I didn't read it carefully, because the animated cursor thing seemed the worst bit. But didn't it say icons as well? Most everything -- including the "desktop explorer" or whatever it's called -- displays icons for objects.
(note for IE users:), you can also manually disable or require a prompt for lots of things, such as file downloads, active x controls, and the like under Internet Options -> Security -> Custom Level for each zone. It's not 100% perfect, but it does help.
That's the thing -- it's like "security by covering your ass" on Microsoft's part. "Well, we told you to disable everything and not open any files, anywhere.. what do you expect? You browsed the internet using our browser? Well, how stupid of you! I guess it's all your fault."

It's the same thing with this fucking Vista UAC system.

http://www.youtube.com/watch?v=JheuLfWYSsc

http://www.telegraph.co.uk/news/main.jh ... cro128.xml

Oh.. but it's an acceptable tradeoff, because it's just so much more secure right??

http://www2.theregister.co.uk/2006/10/2 ... ntroversy/

and here's Joanna thumbing her nose some more..

http://theinvisiblethings.blogspot.com/ ... y-day.html

BTW it doesn't seem there is any way to get Firefox to display an animated cursor, just a static image, but I am not 100% sure.

Me? Certainly not going for vista yet... and sticking with Firefox for all sites where IE can be avoided (it's like 99% for me).

The vmware idea is great, I forgot they made a free sandbox player nowadays, thanks!! =)
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Re: Yet another one.. every one is more retarded than the last

Post by stratoplayer » Sat Mar 31, 2007 3:54 am

Funny, I run Firefox all the time and nothing happened when I entered your test page. :D
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Re: Yet another one.. every one is more retarded than the la

Post by miditek » Sat Mar 31, 2007 2:35 pm

miditek wrote:I reread the article, and yes, the fly-by type of installations are pretty bad, although not a new completely phenomenon. For instance, using the preview pane in most versions of MS Outlook allows nearly any type of file attachment or code to auto-execute, which is why we used to disable that feature via system policy at my previous employer.
JensJohansson wrote:I didn't read it carefully, because the animated cursor thing seemed the worst bit. But didn't it say icons as well? Most everything -- including the "desktop explorer" or whatever it's called -- displays icons for objects.
Yes, you're correct. The article does say that icons are affected as well. Most icons on the Windows desktop (which is actually a file/folder itself, more or less) are shortcuts though. This does seem a bit fishy, since Microsoft was trying like hell to promote the "iconless desktop" since the advent of XP itself. Perhaps they knew something all along regarding this vulnerability- and yet, refuse to fix it. They damn near abandoned IE development for years.
miditek wrote:(note for IE users:), you can also manually disable or require a prompt for lots of things, such as file downloads, active x controls, and the like under Internet Options -> Security -> Custom Level for each zone. It's not 100% perfect, but it does help.
JensJohansson wrote:That's the thing -- it's like "security by covering your ass" on Microsoft's part. "Well, we told you to disable everything and not open any files, anywhere.. what do you expect? You browsed the internet using our browser? Well, how stupid of you! I guess it's all your fault."
I understand what you're saying completely, and yes, it's a royal pain in the ass! IE itself is anything but secure, although, Uncle Bill does provide the tools to mitigate a lot of the issues. I frequently explain to management (at various clients) that the human factor, such as user stupidity, cannot be ignored, and this is particularly the rule in a business environment.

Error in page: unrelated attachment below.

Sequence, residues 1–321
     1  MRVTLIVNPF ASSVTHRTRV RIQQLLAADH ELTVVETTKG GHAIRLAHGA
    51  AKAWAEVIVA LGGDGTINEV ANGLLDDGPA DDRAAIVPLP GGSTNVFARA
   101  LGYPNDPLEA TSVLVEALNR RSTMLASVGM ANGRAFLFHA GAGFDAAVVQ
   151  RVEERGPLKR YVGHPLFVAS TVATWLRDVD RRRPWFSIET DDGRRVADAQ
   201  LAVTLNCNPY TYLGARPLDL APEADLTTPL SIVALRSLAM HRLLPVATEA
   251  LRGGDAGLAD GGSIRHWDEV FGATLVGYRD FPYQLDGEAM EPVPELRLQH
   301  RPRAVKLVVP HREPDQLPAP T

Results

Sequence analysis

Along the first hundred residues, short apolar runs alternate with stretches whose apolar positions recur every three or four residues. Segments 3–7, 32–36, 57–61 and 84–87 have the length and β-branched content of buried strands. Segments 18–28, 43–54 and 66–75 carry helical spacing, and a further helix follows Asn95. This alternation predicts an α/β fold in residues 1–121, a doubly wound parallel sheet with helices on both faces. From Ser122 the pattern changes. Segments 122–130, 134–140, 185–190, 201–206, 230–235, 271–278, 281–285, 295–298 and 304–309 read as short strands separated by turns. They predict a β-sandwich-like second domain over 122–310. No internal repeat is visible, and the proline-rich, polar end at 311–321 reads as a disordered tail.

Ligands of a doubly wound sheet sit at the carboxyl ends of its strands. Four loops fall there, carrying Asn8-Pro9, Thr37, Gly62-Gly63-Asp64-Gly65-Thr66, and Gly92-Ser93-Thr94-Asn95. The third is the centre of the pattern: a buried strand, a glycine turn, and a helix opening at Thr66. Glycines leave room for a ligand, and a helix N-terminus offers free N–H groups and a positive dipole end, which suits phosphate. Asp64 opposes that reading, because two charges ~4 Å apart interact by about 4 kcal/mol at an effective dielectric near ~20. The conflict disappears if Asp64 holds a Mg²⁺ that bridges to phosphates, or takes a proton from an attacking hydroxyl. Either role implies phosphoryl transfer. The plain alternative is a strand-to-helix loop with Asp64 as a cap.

I've observed lots of users doing everything except their jobs, (Chat rooms, gambling sites, porn sites, on-line games, e-cards; you name it!) Microsoft's strength is, and will always be, not necessarily in security per se , but in it's desktop and server applications. That's really the only reason why corporations put up with all of this bullshit, it's to run their accounting and messaging systems, and related items. Microsoft's (and it's partners') applications are highly evolved, even if the security is not, at least out of the box.

Home users and consumers are a different story altogether, and I must confess that I'll frequently "hide" when friends, neighbors, and family call complaining about their problems. (I hear enough of it during the day from customers!)
JensJohansson wrote:It's the same thing with this fucking Vista UAC system.

http://www.youtube.com/watch?v=JheuLfWYSsc

http://www.telegraph.co.uk/news/main.jh ... cro128.xml

Oh.. but it's an acceptable tradeoff, because it's just so much more secure right??


UAC is, like DEP (Data Execution Prevention), typical of Microsoft's band-aid approach to security. DEP won't even permit some legitimate print drivers and other applications to load! It has to be disabled via editing the boot.ini file. In order to do this, you have to unhide the boot.ini file, uncheck it's read-only attrib, and then add the following switch to the command line "/noexecute=AlwaysOff"

What is really needed with Microsoft, is a complete rewrite and radical architectural change to the kernel itself- similar to how Apple completely got rid of its old Mac OS, in favor of the new OS X. Unfortunately, Microsoft can't/won't do this, since they are way up higher on the food chain of an installed base of Win32 applications.

So in other words, Apple had the luxury of being able to "orphan" the users of the classic Mac OS, where it is not a realistic option for Microsoft, unfortunately.

You can disable UAC in Vista via several methods- my particular favorite is via regedit:

HKEY_LOCAL_MACHINE\Software\Microsoft\Windows\CurrentVersion\Policies\System

DWORD=EnableLUA (change value from 1 to 0)

Reboot

You can also use MSCONFIG to do the same thing

Start -> Run -> MSCONFIG -> Tools -> Disable UAC (X)